There is definitely more to this process than this, and if you’ve never done a stakeholder leverage session before, it would probably be a good idea to get a copy of The Corporate Sponsorship Toolkit. That book has this process very comprehensively outlined, along with case studies for each step of the process that will give you lots of ideas that you can… ahem… borrow with pride, jump-starting the creative process.
If you can’t get the stakeholders in a room, then just get as many of your colleagues into a room as you can. Try to get at least three of you and go through the process outlined above.
As you’ll be wearing a lot of stakeholder hats, list all of the potential stakeholder areas somewhere you can see them before you start, and you need to be constantly checking in with that list, ensuring that you come up with concepts for everyone.
Once you’ve got a stack of ideas, make individual appointments with the decision-makers for each area, outlining the sponsorship and what it could do against their objectives. This isn’t as efficient as a group brainstorm session, and you won’t get the benefit of the excitement building in the group, but I’ve done this plenty of times and it can work really well.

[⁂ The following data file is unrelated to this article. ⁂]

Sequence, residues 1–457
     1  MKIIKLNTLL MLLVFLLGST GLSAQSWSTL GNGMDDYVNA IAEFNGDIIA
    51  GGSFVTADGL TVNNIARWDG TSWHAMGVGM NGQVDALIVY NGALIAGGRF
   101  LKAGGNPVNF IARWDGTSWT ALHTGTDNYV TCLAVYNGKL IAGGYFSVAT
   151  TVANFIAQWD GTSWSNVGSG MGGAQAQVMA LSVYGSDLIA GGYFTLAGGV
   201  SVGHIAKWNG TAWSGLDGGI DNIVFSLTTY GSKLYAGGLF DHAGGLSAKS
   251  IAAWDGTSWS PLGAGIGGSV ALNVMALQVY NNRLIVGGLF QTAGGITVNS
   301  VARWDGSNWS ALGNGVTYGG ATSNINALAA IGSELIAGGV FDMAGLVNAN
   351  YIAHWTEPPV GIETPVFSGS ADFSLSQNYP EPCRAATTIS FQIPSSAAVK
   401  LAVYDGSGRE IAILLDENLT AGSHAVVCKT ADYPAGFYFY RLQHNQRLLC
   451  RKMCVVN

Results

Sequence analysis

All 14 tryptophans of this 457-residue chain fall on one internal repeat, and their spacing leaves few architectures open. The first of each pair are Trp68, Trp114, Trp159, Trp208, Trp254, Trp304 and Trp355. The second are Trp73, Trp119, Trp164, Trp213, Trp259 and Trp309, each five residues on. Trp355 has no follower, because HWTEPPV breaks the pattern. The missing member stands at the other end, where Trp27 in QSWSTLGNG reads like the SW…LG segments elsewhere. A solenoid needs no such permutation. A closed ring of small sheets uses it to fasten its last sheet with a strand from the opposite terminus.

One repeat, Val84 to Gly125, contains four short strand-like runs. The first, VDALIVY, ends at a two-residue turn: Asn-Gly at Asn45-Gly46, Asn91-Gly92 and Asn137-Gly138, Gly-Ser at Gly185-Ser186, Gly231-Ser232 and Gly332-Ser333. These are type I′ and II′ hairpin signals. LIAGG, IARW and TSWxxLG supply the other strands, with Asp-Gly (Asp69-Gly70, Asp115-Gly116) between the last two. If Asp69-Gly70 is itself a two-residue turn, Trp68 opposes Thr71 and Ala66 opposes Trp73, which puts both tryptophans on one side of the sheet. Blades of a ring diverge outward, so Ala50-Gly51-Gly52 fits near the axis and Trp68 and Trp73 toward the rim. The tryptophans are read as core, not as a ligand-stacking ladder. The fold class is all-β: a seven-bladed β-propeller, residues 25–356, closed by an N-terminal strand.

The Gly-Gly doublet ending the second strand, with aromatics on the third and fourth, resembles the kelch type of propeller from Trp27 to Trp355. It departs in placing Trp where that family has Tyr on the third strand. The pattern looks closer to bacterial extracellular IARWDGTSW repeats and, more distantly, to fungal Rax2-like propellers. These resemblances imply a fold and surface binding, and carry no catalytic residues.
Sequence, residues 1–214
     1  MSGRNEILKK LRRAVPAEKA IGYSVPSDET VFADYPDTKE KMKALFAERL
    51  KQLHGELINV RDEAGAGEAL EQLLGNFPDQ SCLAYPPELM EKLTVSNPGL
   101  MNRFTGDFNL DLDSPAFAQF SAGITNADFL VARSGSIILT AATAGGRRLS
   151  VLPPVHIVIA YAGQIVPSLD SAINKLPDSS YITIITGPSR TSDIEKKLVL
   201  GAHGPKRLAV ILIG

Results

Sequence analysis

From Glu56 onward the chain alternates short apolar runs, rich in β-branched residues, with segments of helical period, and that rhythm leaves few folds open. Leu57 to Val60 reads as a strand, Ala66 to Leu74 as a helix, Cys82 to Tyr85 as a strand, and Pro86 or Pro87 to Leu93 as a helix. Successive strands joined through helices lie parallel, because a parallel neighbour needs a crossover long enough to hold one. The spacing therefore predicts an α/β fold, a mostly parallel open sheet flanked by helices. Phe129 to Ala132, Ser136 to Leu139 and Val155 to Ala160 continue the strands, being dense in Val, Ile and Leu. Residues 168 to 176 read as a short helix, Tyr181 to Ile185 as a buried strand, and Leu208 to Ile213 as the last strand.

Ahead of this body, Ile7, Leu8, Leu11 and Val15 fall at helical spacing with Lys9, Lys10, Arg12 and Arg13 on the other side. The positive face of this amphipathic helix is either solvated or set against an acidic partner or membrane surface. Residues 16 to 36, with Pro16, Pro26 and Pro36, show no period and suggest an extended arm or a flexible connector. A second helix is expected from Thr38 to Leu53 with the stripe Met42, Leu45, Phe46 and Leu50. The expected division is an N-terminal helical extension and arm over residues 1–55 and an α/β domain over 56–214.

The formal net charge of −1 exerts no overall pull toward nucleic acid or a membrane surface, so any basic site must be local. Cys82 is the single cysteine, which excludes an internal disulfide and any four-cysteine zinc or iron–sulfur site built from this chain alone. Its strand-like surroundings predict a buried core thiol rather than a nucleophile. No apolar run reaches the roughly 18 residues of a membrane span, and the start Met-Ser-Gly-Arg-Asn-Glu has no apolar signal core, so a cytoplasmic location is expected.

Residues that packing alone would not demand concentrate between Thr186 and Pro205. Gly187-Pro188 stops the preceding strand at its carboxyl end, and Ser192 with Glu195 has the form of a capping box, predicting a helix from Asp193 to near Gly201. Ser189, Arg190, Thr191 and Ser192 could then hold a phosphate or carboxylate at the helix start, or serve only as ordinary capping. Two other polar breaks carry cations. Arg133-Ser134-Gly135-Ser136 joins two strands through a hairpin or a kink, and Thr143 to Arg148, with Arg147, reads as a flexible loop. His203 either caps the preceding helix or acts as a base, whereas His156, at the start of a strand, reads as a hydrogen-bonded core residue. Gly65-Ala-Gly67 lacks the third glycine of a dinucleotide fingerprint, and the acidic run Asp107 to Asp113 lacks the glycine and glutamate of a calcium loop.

If you’ve got a local or regional sponsorship that could be really good, take it out of its regional “box”. Use the relevance of the broader themes of the sponsorship to create value on a broader geographic level and possibly even accessing funding from a larger budget.
Gourmet festival in wine country? You could negotiate heaps of IP that would be of interest to foodies around the country. Innovative local literacy charity targeting disadvantaged youth? Work with them to create simple ideas you can provide to families, schools, neighbourhoods, and communities across the country to address those issues.
You can take the same approach with the timeframe. Just because an event happens on just one day or weekend or week doesn’t mean it stops being relevant to people.
For more on this approach, read “It’s Not the Size of the Sponsorship, It’s What You Do with It”.